The Juno spacecraft is revealing what’s churning below the surface of the largest planet in the solar system.
Most of the planet Jupiter is painted in red and white, with exquisite stripes and splotches brushed onto its face. But, it turns out, its poles are dark blue and marked by a multitude of cyclones that scientists have now seen up close.
Observations from NASA’s Juno spacecraft — which was the first to get a clear look at the gas giant’s poles — show the tempestuous curlicues clustered in geometric configurations, with several storms surrounding a central spiral. In the north, the storms are arranged in an octagonal shape. In the south, they form a pentagon.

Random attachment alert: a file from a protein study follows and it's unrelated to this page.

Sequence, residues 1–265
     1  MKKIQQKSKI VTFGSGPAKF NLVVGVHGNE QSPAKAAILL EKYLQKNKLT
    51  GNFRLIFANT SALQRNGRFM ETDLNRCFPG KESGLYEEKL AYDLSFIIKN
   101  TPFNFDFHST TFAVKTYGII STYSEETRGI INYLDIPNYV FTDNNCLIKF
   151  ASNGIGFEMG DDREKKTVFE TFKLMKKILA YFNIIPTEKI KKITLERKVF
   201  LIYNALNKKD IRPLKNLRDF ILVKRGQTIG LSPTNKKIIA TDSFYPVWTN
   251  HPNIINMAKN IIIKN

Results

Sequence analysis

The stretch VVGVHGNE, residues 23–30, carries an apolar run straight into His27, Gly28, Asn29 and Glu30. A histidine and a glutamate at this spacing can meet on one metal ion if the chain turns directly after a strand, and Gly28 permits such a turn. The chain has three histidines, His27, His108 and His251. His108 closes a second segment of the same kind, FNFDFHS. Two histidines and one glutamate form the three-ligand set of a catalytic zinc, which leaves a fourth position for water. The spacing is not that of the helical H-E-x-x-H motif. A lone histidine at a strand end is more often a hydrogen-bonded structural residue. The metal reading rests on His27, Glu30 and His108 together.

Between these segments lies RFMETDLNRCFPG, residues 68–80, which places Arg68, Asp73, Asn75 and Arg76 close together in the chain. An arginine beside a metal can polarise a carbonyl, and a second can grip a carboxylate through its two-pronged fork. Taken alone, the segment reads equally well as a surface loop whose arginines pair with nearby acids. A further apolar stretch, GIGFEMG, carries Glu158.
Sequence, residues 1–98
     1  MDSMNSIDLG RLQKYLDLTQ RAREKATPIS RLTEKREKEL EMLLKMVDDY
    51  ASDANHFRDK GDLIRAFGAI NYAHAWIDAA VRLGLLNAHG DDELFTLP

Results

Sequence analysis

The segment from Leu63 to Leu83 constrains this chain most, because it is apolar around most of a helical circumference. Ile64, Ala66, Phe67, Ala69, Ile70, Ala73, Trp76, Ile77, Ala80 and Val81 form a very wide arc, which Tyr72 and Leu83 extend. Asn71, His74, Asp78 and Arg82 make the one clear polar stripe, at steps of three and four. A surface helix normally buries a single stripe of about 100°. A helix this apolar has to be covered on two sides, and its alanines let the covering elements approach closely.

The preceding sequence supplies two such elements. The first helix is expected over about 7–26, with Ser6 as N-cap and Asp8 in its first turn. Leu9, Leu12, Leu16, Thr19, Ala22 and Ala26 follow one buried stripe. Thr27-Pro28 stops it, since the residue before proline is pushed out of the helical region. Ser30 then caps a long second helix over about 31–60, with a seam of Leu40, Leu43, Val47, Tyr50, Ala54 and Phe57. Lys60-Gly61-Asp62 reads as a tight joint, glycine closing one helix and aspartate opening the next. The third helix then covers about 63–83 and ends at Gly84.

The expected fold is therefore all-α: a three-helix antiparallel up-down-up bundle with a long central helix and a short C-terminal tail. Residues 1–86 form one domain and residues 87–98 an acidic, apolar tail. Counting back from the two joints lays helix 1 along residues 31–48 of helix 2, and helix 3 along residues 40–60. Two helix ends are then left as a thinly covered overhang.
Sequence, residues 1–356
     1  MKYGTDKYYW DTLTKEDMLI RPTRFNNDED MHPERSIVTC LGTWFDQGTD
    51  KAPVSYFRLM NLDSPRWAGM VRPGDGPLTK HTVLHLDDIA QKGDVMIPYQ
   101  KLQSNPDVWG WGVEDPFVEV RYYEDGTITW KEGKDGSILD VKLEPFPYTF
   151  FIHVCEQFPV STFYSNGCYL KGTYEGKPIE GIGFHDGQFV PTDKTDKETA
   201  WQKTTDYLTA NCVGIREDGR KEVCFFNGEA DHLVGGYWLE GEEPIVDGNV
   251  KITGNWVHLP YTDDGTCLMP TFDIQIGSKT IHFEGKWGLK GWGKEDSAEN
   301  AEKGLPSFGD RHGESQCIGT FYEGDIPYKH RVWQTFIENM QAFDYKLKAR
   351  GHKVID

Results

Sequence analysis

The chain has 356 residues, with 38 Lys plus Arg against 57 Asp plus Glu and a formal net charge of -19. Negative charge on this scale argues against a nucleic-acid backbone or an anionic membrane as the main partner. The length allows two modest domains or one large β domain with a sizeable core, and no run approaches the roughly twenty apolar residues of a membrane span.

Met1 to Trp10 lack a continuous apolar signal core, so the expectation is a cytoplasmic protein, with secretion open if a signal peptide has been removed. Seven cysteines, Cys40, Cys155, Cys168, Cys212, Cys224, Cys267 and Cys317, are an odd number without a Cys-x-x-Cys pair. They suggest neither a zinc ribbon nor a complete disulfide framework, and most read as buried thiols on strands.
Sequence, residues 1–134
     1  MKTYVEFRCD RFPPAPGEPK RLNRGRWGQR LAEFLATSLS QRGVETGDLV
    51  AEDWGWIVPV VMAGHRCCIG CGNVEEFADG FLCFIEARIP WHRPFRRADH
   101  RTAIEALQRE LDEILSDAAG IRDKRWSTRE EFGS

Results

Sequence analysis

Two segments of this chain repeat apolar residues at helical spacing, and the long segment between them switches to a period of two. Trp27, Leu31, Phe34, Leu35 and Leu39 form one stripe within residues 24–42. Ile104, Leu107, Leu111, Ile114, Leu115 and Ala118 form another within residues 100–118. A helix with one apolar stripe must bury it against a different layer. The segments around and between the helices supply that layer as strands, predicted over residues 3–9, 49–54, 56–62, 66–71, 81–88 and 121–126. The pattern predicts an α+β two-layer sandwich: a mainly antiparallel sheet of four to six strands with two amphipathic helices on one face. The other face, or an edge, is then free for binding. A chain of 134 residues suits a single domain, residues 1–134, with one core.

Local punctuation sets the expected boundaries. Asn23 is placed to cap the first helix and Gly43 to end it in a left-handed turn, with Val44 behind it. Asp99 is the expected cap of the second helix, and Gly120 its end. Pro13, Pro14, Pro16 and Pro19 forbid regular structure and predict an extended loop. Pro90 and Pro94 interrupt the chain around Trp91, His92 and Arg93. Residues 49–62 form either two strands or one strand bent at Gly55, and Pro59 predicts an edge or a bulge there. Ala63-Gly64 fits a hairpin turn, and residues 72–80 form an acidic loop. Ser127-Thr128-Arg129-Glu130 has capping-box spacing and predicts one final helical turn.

Juno has been orbiting the planet since July 2016, and it snapped images of the planet in both visible and infrared light. These allowed scientists to measure the size and temperature of the violent spirals, most of which are at least as wide as the United States.